Pipe Joints | Types of Pipe Joints With Images – Pipe is manufactured in appropriate lengths for ease of handling, transporting, and installation, so pipe should be jointed. A joint may be required at a bend to change the direction of the pipe or to connect pipe for pipeline continuation, and this device is known as a pipe joint. These pipe joints should be watertight, long-lasting, and cost-effective.
Types of Pipe Joint
The conveyance and distribution of water in a water supply system necessitates a network of long pipelines. Pipes are not manufactured in a single length; HDPE coils can be 200 metres long, while other pipes are typically 2 to 6 metres long.
As a result, these pipes must be joined together in smaller lengths. Pipe joints come in a variety of shapes and sizes, depending on pipe materials, pressure resistance, durability, water tightness, and other factors.
Pipe joints commonly used in pipelines are as follows -:
- Collar Joints
- Expansion Joints
- Flanged Joints
- Screwed and Socket Joints
- Socket and Spigot (bell and spigot joint)
Collar joints are commonly used for cement concrete pipes with plain ends, both reinforced and pre-stressed. The collar is placed with a lap on both pipes, and the two ends of the pipes are brought to the same level with a rubber gasket in-between. The space between the collar and the pipe is filled with 1:1 cement mortar.
Expansion joints can withstand temperature changes, causing them to expand and contract. The purpose of this joint is to keep the joint watertight despite the stress caused by temperature changes.
The socket end is flanged with a cast iron follower ring that can be freely slid on the spigot end, and a rubber gasket is pressed tightly between the annular space of the spigot and socket by the bolt.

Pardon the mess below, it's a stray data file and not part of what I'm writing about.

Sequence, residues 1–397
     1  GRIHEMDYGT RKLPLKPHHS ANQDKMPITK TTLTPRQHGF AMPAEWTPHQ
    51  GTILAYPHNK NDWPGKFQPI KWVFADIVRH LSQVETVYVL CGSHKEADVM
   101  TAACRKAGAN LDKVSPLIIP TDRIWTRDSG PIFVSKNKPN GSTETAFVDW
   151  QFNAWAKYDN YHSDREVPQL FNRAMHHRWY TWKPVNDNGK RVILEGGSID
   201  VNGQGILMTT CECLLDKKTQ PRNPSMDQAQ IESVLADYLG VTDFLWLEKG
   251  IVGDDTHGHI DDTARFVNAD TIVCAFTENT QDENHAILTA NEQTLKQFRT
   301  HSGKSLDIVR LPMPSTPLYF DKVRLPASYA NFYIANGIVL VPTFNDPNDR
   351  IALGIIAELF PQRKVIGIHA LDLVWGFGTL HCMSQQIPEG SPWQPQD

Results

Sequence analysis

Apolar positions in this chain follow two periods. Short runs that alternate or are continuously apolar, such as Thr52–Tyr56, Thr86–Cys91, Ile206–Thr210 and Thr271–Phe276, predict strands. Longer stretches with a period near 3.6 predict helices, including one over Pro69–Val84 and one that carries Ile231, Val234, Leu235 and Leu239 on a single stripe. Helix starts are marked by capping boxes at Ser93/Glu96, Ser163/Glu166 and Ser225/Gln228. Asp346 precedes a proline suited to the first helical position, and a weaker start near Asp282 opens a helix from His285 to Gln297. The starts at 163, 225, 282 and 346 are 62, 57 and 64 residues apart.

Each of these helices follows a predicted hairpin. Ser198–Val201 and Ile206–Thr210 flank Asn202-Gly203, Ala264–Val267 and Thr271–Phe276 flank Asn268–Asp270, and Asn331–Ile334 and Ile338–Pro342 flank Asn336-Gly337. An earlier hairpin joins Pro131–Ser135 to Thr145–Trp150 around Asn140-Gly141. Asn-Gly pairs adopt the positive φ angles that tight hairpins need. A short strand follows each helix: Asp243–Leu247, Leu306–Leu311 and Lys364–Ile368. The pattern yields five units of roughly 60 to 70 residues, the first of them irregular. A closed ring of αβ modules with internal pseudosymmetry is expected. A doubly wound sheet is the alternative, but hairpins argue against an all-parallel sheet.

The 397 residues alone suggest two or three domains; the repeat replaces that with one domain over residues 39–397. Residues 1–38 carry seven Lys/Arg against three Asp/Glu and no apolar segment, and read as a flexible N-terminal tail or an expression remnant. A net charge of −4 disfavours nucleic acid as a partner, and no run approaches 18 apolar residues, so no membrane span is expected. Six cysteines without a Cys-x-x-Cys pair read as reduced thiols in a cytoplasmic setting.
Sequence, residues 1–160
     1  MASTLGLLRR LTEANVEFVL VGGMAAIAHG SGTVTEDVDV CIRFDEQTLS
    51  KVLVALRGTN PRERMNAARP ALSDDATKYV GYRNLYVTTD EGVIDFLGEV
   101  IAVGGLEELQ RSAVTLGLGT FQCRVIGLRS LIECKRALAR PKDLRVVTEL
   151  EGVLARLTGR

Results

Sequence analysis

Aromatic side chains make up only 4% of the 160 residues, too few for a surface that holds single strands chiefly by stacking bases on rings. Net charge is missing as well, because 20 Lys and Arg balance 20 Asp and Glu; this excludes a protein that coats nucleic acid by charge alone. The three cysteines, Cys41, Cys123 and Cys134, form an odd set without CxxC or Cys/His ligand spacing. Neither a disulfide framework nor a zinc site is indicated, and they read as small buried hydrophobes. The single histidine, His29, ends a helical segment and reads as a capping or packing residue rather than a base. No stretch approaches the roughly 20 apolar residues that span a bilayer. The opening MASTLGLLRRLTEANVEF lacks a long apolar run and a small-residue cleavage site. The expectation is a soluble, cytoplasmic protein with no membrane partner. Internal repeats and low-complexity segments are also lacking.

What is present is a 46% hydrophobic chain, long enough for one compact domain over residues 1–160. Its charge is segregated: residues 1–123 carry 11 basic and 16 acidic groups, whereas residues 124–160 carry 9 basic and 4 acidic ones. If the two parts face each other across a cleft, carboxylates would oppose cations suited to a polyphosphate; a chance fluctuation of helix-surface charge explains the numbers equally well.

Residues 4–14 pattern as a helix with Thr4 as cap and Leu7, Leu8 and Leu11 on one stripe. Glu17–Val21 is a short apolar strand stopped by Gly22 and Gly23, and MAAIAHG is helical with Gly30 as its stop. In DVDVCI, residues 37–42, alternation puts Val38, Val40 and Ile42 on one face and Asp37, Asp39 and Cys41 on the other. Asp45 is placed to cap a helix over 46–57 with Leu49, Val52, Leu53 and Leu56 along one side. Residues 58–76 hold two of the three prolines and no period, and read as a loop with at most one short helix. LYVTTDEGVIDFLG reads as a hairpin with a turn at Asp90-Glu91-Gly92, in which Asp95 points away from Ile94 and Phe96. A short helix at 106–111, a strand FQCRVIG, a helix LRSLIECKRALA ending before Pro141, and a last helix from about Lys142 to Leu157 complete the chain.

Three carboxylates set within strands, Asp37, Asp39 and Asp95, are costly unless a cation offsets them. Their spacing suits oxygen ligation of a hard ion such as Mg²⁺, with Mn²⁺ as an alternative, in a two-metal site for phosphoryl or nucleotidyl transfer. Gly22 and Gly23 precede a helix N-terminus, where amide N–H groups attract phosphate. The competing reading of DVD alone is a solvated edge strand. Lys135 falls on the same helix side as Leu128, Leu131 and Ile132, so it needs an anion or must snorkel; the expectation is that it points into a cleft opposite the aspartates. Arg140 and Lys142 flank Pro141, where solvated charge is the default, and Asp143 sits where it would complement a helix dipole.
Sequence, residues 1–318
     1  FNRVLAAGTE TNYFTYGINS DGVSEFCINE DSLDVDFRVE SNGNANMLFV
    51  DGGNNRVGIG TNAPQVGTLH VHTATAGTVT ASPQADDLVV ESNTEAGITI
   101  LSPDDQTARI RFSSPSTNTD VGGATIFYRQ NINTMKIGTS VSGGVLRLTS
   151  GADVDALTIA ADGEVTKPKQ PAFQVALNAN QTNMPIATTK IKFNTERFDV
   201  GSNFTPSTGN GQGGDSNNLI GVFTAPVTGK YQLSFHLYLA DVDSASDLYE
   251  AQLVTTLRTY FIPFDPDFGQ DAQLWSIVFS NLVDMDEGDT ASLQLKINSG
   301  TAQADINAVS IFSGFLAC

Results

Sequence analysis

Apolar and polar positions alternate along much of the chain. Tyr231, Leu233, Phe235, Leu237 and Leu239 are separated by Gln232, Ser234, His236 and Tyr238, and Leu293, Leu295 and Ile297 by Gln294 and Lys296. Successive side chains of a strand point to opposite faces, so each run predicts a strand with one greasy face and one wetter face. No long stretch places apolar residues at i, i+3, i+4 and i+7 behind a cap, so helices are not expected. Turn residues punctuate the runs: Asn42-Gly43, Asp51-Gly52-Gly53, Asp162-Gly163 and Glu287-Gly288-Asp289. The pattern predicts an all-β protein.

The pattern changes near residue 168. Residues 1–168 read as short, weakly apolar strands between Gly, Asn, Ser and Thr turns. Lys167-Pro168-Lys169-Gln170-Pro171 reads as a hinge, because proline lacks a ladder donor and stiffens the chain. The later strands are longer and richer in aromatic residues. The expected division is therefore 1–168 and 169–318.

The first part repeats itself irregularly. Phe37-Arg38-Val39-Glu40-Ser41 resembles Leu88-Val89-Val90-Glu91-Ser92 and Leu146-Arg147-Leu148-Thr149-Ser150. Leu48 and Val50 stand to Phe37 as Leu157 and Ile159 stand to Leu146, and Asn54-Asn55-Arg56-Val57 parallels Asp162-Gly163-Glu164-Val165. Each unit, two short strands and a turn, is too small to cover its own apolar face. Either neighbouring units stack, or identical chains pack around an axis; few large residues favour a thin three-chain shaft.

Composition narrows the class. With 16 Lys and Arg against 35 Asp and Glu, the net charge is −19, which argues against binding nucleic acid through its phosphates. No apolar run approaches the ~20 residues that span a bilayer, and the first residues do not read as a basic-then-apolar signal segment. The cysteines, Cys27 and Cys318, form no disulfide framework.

The rubber gasket maintains watertightness during slight forward and backward movement of the socket end due to temperature stress.
For CI pipes, steel pipes, and GI pipes, a flanged joint is commonly used. Figure 8-2 shows a joint that can be used for temporary work. so that it is simple to assemble and disassemble
Both pipes’ flanges are brought together and a gasket is placed between them, which is water tightened with a screw or welding. This joint is appropriate for pumping station filter plants, laboratories, and boiler houses, but it should not be used in areas where vibration and deflection are present.
Screwed and Socket Joints
For GI pipes and small diameter steel pipes, the screwed and socket joint is commonly used. The outer surface of both pipes has screw threads into which sockets are screwed to form the joint.
Socket and Spigot joint
Socket and Spigot (bell and spigot joint) – For both CI and DI pipes, the socket and spigot joint is commonly used. In this joint, the spigot of one pipe is inserted into the socket or bell end of the other pipe, and jute or hemp yam is tightly wrapped around the spigot up to a depth of 50 mm, and a gasket or joint runner is clamped in place of the round joint to fit tightly.
Molten lead was poured into the V shape opening left on the top by the clamped joint runner using a chalking tool. Molten lead fills the space between the hemp yam and the clamped runner.
After the lead has hardened, the runner is removed and tightened with a chalking tool and hammer. Lead in the range of 3.5 to 4 kg per joint may be required for pipes up to 150 mm in diameter, and 40 to 45 kg per joint for pipes up to 120 cm in diameter.